Main Article Content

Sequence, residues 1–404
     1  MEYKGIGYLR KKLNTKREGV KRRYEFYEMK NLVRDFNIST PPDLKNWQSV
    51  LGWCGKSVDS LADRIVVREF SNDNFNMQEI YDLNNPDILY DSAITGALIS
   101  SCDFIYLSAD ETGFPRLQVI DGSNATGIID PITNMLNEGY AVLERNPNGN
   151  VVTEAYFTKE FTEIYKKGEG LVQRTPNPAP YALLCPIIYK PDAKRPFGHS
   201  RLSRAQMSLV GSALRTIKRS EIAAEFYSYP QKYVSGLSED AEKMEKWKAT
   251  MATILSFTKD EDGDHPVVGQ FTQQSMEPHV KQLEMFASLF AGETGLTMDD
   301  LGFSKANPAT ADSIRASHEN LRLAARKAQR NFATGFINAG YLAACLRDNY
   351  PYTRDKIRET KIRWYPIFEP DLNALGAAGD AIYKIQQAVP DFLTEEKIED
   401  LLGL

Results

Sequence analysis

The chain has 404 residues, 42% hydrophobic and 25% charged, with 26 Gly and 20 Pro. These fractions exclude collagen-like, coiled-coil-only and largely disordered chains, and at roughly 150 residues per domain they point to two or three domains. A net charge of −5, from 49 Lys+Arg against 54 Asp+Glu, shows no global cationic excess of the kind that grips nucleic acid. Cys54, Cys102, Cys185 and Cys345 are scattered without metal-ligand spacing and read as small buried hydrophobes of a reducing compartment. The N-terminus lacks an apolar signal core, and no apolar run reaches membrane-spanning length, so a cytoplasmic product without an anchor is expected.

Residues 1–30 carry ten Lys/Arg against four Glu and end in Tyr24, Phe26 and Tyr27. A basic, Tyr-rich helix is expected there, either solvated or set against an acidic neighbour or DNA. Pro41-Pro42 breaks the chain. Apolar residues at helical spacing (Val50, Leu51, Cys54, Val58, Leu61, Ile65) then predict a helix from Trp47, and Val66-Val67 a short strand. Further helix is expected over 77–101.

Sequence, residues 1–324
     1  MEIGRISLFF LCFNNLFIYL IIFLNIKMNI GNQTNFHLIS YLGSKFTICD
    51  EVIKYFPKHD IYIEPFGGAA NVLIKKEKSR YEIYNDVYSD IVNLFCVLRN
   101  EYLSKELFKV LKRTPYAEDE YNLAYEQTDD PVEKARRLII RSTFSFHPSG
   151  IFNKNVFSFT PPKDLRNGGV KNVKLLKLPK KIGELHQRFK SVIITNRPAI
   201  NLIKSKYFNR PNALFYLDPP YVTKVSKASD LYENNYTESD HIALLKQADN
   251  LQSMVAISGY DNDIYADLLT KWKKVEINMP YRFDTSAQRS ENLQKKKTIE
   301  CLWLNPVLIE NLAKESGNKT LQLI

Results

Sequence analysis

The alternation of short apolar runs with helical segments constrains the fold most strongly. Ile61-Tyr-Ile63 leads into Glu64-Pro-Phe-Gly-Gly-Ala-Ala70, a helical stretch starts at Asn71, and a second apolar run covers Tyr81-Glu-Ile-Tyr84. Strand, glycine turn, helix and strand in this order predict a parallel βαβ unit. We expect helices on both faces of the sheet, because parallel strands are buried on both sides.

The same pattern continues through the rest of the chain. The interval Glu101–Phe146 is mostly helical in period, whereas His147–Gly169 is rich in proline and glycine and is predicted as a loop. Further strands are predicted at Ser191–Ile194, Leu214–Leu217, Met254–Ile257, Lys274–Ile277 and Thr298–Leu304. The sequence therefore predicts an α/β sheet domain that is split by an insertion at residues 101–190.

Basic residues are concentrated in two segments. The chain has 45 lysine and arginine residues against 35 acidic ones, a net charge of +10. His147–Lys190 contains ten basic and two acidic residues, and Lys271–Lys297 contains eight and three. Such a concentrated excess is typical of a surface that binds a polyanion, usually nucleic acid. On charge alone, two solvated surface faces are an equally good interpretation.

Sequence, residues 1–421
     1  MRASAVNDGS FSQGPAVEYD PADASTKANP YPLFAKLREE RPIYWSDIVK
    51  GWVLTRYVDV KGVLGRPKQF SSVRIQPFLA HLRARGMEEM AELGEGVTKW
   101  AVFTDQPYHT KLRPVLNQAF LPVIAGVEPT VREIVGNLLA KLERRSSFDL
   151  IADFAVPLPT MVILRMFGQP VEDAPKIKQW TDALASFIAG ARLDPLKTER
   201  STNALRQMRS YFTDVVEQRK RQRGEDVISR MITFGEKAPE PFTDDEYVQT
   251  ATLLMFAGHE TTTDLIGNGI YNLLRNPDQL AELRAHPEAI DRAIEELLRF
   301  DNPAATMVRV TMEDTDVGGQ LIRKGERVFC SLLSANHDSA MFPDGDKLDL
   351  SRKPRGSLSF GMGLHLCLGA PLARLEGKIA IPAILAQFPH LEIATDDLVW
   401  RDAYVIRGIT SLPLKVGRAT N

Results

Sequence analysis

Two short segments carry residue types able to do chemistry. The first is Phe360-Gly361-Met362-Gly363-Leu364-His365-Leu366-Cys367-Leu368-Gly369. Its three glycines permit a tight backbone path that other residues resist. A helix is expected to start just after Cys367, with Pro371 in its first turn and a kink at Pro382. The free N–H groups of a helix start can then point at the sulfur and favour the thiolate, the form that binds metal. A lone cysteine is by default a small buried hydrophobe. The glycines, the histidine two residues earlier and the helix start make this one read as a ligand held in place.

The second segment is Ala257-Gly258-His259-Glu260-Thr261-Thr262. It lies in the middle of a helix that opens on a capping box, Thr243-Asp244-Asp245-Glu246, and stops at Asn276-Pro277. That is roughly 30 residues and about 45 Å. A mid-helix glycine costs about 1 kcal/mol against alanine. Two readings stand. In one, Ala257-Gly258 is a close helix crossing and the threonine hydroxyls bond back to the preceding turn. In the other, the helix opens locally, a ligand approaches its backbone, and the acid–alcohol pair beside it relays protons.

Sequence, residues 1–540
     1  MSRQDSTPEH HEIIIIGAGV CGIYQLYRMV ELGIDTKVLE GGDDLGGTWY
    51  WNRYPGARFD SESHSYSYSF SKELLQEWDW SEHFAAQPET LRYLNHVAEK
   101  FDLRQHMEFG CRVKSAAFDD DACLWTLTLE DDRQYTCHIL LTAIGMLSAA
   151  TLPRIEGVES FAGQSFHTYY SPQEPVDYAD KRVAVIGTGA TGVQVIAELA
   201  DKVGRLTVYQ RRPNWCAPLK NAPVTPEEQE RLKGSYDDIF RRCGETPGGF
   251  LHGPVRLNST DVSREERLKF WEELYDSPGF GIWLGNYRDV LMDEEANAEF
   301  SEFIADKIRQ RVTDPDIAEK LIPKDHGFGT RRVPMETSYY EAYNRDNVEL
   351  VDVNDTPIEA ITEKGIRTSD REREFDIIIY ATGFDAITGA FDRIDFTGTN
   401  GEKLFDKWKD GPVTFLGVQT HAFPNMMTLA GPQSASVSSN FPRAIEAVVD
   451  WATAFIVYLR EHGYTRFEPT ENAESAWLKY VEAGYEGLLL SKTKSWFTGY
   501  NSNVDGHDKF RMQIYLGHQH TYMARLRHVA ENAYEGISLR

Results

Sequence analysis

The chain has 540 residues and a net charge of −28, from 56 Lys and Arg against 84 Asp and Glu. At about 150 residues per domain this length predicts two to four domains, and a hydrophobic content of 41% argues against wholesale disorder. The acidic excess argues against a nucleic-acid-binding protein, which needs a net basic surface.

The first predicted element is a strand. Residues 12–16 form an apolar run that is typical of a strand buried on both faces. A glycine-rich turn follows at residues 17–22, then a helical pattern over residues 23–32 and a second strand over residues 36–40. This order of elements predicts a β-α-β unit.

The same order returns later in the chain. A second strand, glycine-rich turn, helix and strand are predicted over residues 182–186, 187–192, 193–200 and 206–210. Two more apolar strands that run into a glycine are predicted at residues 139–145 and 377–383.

We revisit the Stuttering Prohibition (SP) in Turkic languages originally proposed by Kornfilt (1986), which requires that morphemes of the same type cannot co-occur in adjacent positions. Following Nevins' (2010) typology of haplology, we distinguish between haplological restrictions that hold at the M(orphosyntactic)-Word stage and those that hold at the P(honological)-Word stage. We show that morpheme iterations that are subject to the SP are featurally sensitive and phonologically insensitive and are thus crucially repaired at the M-Word stage through deletion, portmanteaux morphology or avoidance before terminals receive phonological form. On the other hand, causative iteration and passive iteration in Turkish, which appear to be counter-examples to the SP at first glance, are phonologically sensitive and are thus repaired by inserting phonologically appropriate allomorphs at Vocabulary Insertion, constituting fitting examples of haplology that hold at the P-Word stage.